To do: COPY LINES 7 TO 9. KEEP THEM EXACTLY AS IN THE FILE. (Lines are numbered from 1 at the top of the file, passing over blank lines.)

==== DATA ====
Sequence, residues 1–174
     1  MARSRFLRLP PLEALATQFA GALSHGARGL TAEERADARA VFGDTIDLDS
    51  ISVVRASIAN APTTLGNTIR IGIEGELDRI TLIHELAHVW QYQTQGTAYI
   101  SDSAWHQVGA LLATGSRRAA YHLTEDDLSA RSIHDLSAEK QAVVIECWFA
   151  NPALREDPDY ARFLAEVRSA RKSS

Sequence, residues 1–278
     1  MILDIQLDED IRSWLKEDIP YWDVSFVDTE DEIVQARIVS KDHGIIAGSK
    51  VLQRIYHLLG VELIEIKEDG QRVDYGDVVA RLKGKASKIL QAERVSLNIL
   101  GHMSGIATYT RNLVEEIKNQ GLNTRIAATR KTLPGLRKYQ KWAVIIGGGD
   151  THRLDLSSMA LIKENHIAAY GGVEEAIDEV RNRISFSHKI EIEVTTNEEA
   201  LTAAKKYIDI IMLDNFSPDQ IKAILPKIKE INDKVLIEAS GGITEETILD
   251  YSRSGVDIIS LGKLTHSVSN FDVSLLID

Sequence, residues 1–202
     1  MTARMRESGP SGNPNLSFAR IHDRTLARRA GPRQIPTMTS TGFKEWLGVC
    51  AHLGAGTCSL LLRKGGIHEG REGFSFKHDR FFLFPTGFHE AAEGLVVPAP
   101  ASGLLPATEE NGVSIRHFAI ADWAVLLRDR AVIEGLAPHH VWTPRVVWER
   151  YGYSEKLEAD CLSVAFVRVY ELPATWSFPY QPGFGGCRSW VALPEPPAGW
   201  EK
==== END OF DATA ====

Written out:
     1  MILDIQLDED IRSWLKEDIP YWDVSFVDTE DEIVQARIVS KDHGIIAGSK
    51  VLQRIYHLLG VELIEIKEDG QRVDYGDVVA RLKGKASKIL QAERVSLNIL
   101  GHMSGIATYT RNLVEEIKNQ GLNTRIAATR KTLPGLRKYQ KWAVIIGGGD